A5: Yes, this was a tough question too. Most of the famous Zinfandel producers – Turley, Ravenswood, Rosenbloom, Seghesio, Robert Biale, and so on – are all producing other wines in addition to their great Zinfandels. The only winery I know of which produces Zinfandel and nothing but Zinfandel is Wine Guerilla – it is not for nothing they are calling themselves “An Art and Soul of Zinfandel”. Take a look at their line up – they are currently offering 13 different kinds of Zinfandel – and nothing but Zinfandel.

Summing it up, we don’t have winners this week, and Jeff, a.k.a. thedrunkencyclist gets an honorable mention with 3 correct answers out of 5.

Now, to the interesting stuff around vine and the web!

Have you heard of Editions Féret? I have to admit that I didn’t, not until I read a Wine Spectator article called “The Book that Defined Bordeaux“. It appears that the book, now called Editions Féret, or simply Le Féret, which started exactly 200 years ago as 84 pages travel guide, and had grown to become a 2,296  pages bible, largely defined Bordeaux wines, starting from famous 1855 classification – it was that book which rated the wines simply based on their prices in 1850, which was taken as a foundation of 1855 classification. Read the article, I think it is quite interesting.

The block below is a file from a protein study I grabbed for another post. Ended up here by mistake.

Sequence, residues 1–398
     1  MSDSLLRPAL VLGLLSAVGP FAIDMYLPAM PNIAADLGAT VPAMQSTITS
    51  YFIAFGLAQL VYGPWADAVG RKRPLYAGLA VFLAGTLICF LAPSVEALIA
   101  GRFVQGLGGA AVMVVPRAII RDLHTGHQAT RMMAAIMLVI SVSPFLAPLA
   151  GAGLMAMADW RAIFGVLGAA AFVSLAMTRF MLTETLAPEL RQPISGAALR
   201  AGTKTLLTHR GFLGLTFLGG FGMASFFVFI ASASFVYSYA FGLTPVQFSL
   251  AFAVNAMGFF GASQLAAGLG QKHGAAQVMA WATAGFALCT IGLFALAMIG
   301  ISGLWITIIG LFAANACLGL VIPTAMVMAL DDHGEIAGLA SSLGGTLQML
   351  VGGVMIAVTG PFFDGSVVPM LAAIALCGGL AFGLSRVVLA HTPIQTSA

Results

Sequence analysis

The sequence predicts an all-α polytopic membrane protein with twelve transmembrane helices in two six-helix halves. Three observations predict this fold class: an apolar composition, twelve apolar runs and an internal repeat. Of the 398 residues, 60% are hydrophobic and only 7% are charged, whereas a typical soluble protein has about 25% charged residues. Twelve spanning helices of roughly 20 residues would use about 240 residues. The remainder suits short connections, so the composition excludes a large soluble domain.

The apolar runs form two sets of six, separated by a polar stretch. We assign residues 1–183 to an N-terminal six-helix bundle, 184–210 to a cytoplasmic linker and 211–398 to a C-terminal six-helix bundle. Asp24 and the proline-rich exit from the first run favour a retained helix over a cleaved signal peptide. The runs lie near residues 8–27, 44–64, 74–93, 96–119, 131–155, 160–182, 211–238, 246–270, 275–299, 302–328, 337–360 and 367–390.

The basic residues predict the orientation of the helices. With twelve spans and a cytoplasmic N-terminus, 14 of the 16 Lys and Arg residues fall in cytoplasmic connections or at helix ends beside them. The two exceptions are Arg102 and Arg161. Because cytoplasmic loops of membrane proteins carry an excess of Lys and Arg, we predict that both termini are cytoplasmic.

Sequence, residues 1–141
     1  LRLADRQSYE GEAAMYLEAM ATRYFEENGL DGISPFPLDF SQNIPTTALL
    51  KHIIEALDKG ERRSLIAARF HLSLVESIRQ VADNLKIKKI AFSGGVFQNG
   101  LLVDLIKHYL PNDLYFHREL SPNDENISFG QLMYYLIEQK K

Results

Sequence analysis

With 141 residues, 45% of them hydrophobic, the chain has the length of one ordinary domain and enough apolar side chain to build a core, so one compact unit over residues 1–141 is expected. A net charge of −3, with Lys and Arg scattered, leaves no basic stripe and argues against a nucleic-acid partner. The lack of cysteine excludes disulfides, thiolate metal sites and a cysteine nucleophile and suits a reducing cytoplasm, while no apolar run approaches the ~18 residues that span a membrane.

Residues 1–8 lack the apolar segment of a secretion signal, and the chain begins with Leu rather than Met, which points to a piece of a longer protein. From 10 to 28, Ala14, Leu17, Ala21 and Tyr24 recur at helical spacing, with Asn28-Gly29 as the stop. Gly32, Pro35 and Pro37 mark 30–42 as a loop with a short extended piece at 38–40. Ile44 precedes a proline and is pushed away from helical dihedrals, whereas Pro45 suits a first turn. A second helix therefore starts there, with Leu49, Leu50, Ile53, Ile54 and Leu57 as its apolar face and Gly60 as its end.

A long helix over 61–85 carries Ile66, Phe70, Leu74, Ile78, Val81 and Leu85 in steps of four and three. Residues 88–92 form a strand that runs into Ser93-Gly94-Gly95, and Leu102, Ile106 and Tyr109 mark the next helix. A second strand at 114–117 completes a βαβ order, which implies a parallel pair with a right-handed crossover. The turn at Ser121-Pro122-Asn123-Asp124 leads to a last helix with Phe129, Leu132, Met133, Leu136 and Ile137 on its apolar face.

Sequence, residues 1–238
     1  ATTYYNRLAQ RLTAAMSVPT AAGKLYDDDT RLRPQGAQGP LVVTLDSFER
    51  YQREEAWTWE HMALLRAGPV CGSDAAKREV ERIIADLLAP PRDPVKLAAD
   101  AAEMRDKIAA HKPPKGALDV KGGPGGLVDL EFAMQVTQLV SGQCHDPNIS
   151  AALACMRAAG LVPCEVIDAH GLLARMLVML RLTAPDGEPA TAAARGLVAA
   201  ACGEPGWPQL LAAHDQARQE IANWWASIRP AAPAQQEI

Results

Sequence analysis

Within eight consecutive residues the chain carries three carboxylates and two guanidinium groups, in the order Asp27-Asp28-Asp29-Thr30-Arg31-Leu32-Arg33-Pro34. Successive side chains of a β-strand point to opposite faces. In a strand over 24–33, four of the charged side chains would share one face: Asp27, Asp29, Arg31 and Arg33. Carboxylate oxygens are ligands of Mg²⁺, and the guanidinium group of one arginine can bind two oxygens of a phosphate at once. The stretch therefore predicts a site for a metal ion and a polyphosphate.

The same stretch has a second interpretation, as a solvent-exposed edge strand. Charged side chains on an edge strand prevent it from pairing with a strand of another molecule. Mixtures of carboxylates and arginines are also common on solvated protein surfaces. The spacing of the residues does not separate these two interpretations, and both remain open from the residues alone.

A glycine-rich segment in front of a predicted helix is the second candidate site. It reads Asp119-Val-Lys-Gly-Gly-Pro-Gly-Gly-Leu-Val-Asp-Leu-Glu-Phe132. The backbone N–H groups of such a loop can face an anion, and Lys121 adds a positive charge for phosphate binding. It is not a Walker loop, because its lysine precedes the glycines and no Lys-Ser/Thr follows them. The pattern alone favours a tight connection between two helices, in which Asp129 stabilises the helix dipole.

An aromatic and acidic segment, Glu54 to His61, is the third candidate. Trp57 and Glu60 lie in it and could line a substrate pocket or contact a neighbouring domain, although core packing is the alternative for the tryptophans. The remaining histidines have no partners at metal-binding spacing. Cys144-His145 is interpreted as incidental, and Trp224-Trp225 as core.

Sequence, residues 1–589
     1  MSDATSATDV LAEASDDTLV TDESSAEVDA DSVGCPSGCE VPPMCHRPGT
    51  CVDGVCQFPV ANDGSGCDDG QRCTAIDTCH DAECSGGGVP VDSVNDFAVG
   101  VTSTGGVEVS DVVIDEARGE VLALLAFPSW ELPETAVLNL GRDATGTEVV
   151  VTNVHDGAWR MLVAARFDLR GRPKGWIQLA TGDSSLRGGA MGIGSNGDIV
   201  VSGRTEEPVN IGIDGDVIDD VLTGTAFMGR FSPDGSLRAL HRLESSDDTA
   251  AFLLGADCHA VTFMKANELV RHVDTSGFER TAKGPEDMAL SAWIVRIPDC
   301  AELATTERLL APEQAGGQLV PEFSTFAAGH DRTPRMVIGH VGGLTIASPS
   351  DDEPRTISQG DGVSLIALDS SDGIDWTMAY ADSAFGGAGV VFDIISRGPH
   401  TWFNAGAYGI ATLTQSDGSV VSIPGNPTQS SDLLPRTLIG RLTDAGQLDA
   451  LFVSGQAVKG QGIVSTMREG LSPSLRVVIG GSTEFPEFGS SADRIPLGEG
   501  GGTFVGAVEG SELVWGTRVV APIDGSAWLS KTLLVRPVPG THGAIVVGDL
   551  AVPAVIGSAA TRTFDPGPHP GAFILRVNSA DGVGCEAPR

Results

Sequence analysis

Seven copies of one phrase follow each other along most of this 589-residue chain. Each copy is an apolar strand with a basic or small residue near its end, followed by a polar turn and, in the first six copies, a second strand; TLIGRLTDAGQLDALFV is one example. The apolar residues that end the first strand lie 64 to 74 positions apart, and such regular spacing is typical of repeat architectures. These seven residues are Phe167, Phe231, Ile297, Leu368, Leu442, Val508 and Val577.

According the post on Dr.Vino’s blog, it appears that during En Premeur, a primary Bordeaux event where new vintages are presented, one and the same wine can be “processed ” differently for the different groups of tasters – Americans will get the wine exposed to more of the new oak, and the same wine for the French audience will be finished to have more subtle showing of the fruit. Is it true? I have no idea. But it gets a final product into an interesting perspective – does it mean that one and the same Bordeaux wine can taste differently depending on where you will buy it ( in US or in Europe)? Hmmm…

Do you like giveaways? Of course you do, who doesn’t? So assuming that you do, please go and check this post at 1WineDude web site – if you leave a comment there, you will get a chance to wine one of the 5 memberships in the French Wine Society. I think it is not a bad deal, huh?

Last but not least – mark your calendars for June 19th – and make room in your wine cellars and their equivalents. Yep – WTSO is doing it again! Famous Cheapskate Wednesday is coming into town on June 19th – for more information please visit WTSO web site (you can find link in the “Buying Wine section to your right) or click this link.

That’s all I have for you for today, folks – the glass is empty. But refill is on on its way. Until the next time – cheers!